The transport solution 14 may be composed of blood, with the normal white cell and platelet count reduced.

Other advantages of the present invention will be readily apparent to those skilled in the art.

Patent Citations
Cited PatentFiling datePublication dateApplicantTitle
US2996429 *Feb 12, 1959Aug 15, 1961Nat Toxicological Lab IncMethod and apparatus for growing living tissue
US3419473 *Nov 22, 1967Dec 31, 1968Canadian Patents DevContinuous phased culturing of cells
US3545221 *May 22, 1967Dec 8, 1970Swenko Research & Dev IncApparatus for maintaining organs in vitro in a completely viable state
US3632473 *Apr 21, 1969Jan 4, 1972Univ CaliforniaMethod and apparatus for preserving human organs extracorporeally
US3883393 *Feb 11, 1974May 13, 1975Us Health Education & WelfareCell culture on semi-permeable tubular membranes
US4241187 *Mar 27, 1979Dec 23, 1980United States Of AmericaMethod and apparatus for cell and tissue culture
US4339537 *Nov 6, 1979Jul 13, 1982Olympus Optical Company LimitedMethod of culturing biological substances
Referenced by
Citing PatentFiling datePublication dateApplicantTitle
US5353745 *Sep 29, 1992Oct 11, 1994Fahs Ii Richard WAquaculture system and methods for using the same
US5591636 *Jul 24, 1995Jan 7, 1997Precision Instrument DesignMembrane holder
US5599688 *Jul 24, 1995Feb 4, 1997Precision Instrument DesignDevice and method for circulating fluid over a membrane
US5612188 *Feb 10, 1994Mar 18, 1997Cornell Research Foundation, Inc.Automated, multicompartmental cell culture system
US5716404 *Dec 16, 1994Feb 10, 1998Massachusetts Institute Of TechnologyBreast tissue engineering
US5855610 *May 19, 1995Jan 5, 1999Children's Medical Center CorporationEngineering of strong, pliable tissues
US6050975 *Feb 25, 1999Apr 18, 2000Thermo Cardiosystems, Inc.Control of tissue growth in textured blood-contacting surfaces
US6129761 *Jun 7, 1995Oct 10, 2000Reprogenesis, Inc.Injectable hydrogel compositions
US6146883 *May 26, 1999Nov 14, 2000Navicyte, Inc.Packing device for transporting confluent cell monolayers
US6305962Feb 16, 1999Oct 23, 2001Nimbus, IncorporatedInline cable connector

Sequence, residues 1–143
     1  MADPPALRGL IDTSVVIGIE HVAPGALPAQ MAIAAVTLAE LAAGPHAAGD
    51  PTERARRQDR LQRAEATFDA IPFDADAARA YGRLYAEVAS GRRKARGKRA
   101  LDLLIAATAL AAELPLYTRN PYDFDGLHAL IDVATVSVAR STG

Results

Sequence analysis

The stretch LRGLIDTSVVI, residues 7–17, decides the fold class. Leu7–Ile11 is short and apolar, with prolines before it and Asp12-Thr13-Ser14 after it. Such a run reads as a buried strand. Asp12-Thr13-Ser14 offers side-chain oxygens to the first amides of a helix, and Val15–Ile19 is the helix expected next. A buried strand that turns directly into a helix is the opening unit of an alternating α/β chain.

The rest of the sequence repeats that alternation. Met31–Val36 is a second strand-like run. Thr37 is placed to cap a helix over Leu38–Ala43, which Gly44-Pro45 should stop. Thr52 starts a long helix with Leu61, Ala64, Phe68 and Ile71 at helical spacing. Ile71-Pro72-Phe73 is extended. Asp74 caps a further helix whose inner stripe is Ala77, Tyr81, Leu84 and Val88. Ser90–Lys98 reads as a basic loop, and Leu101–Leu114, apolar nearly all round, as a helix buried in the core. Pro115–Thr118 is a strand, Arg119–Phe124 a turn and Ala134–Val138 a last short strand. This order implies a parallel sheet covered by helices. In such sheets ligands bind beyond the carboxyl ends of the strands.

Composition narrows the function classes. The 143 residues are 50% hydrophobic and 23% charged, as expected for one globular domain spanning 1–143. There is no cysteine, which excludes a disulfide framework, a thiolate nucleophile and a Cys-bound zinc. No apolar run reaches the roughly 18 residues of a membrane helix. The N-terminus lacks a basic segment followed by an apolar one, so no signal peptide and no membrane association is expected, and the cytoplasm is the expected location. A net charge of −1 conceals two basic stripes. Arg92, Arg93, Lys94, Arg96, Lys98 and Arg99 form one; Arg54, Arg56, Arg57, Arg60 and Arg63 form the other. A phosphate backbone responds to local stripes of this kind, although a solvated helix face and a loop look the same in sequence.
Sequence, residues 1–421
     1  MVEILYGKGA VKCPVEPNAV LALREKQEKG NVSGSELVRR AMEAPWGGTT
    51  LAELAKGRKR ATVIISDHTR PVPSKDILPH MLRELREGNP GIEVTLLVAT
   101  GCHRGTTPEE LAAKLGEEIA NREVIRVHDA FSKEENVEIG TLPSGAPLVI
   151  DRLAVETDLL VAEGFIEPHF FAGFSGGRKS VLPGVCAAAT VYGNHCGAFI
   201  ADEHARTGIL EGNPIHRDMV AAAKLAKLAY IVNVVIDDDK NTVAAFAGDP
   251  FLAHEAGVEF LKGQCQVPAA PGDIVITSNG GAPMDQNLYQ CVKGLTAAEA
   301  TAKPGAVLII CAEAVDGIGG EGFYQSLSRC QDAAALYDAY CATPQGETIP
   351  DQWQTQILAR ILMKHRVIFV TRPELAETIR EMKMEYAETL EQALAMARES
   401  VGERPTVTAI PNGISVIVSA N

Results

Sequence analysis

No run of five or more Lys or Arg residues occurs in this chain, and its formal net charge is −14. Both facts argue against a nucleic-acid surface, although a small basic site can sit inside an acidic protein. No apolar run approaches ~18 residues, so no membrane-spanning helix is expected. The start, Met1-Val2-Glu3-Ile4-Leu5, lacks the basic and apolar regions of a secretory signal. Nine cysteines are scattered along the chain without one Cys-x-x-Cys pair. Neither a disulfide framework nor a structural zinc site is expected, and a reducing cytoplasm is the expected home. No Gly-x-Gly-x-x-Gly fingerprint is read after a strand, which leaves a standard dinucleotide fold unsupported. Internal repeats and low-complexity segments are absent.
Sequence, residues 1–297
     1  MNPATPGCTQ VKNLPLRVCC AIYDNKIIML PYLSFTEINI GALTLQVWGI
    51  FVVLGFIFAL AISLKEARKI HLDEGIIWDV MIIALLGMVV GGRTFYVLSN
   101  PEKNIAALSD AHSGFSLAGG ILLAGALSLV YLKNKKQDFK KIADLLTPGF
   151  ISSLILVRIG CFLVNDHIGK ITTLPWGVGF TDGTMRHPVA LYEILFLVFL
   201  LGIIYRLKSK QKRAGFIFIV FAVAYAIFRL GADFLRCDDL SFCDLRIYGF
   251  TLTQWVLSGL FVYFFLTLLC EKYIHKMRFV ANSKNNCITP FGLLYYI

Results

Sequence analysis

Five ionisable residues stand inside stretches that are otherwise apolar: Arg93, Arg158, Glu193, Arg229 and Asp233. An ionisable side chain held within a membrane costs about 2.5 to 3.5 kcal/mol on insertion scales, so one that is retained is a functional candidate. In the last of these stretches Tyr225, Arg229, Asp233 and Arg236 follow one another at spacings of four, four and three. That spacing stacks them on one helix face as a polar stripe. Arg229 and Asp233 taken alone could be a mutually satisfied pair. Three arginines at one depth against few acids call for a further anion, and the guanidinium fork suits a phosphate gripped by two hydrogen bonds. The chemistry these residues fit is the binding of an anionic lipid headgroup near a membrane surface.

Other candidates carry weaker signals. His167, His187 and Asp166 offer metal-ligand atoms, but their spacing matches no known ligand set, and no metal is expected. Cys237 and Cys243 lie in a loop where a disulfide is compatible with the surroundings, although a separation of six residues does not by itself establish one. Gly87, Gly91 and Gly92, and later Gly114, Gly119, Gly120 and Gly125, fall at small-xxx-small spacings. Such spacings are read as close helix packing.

US6348069Nov 3, 1998Feb 19, 2002Children's Medical Center CorporationEngineering of strong, pliable tissues
US6840962Sep 25, 2000Jan 11, 2005Massachusetts Institute Of TechnologyTissue engineered tendons and ligaments
US7914579Feb 9, 2006Mar 29, 2011Children's Medical Center CorporationTissue engineered tendons and ligaments
US8647861Jul 16, 2009Feb 11, 2014Children's Medical Center CorporationOrgan mimic device with microchannels and methods of use and manufacturing thereof
US9005885Jun 4, 2010Apr 14, 2015The General Hospital CorporationBioartificial lung
USRE42479Feb 19, 2004Jun 21, 2011Children's Medical Center CorporationEngineering of strong, pliable tissues
USRE42575Sep 28, 2006Jul 26, 2011Children's Medical Center CorporationEngineering of strong, pliable tissues
DE10021627B4 *May 4, 2000Nov 19, 2009Corlife Gbr (Vertretungsberechtigte Gesellschafter: Prof. Dr. Alex HaverichVerfahren zur Herstellung eines vaskularisierten bioartifiziellen Gewebes und zugehöriger Versuchsreaktor
EP0295567A1 *Jun 8, 1988Dec 21, 1988Sumitomo Heavy Industries, LtdTubular bioreactor
EP0363262A1 *Sep 29, 1989Apr 11, 1990Terumo Kabushiki KaishaCell-incubator
EP0391846A1 *Mar 22, 1990Oct 10, 1990Gebrüder Sulzer AktiengesellschaftFluidized-bed bioreactor with a conditioning device
EP2438155A2 *Jun 4, 2010Apr 11, 2012The General Hospital CorporationBioartificial lung
WO1994028710A1 *Jun 6, 1994Dec 22, 1994Berndt MayerMethod and device for conserving organs, body extremities and pieces of body tissue
WO2010141803A2Jun 4, 2010Dec 9, 2010The General Hospital CorporationBioartificial lung
Classifications
U.S. Classification435/1.1
International ClassificationC12M1/12, A01N1/02, C12M3/06
Cooperative ClassificationC12M29/04, C12M21/08, C12M23/24, A01N1/0247
European ClassificationC12M23/24, C12M29/04, C12M21/08, A01N1/02, A01N1/02C
Legal Events
DateCodeEventDescription
Jul 7, 1992FPExpired due to failure to pay maintenance fee
Effective date: 19920503
May 3, 1992LAPSLapse for failure to pay maintenance fees
Dec 3, 1991REMIMaintenance fee reminder mailed
Jun 16, 1987FPAYFee payment
Year of fee payment: 4